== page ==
Shadows & Reflections

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In his Allegory of the Cave Plato likens material reality to shadows cast on a cave wall by an unperceived fire implying that most of us are ignorant both of our true nature and the source of the light. The allegory would hold true equally had he described images reflected in a pond. In fact, in an earlier book he speaks of the relationship of shadow and reflection to the “real” world. Plato’s allegory suggests that if those viewing the shadows were to break their shackles and turn away from what they have always perceived as “real,” that they would see the fire, become accustomed to its brightness, discover the cave, and eventually see beyond to the cave’s mouth which leads to Ultimate Reality.

The shackles which hold us facing the cave wall may be defined as Ego. Men and women who succeed in breaking free and glimpsing the path to ultimate reality tend to be viewed by their shackled brothers and sisters as either inspired or insane. Either we pity, kill, or incarcerate them; or do the reverse and hold them in such high esteem that we translate their teachings into the language of our shadow world, labeling these teachings as Koran, Bible, Vedas, Tao Te Ching. We think ourselves most wise for having done this. But rarely do we find the courage to turn around.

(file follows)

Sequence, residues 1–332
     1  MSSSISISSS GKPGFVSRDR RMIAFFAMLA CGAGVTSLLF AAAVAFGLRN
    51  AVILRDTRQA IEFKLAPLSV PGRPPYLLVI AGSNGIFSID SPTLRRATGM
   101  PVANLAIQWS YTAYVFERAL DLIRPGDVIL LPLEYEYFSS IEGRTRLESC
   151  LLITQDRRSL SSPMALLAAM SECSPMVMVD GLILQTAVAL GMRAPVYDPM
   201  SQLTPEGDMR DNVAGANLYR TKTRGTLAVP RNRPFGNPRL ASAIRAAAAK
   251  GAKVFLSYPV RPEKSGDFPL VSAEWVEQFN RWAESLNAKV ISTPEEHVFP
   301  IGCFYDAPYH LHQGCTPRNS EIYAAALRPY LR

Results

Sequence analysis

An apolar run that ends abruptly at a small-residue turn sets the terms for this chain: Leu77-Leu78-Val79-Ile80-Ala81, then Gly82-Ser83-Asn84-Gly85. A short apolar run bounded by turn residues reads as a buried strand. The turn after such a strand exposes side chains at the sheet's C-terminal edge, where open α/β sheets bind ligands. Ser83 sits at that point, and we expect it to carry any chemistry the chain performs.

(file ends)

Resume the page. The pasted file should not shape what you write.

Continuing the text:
In Book 6 of the Republic Plato compared Shadows and Reflections to the “real” world. View these images as a reminder that what we take to be “real” is only an agreed upon interpretation of an agreed upon reality.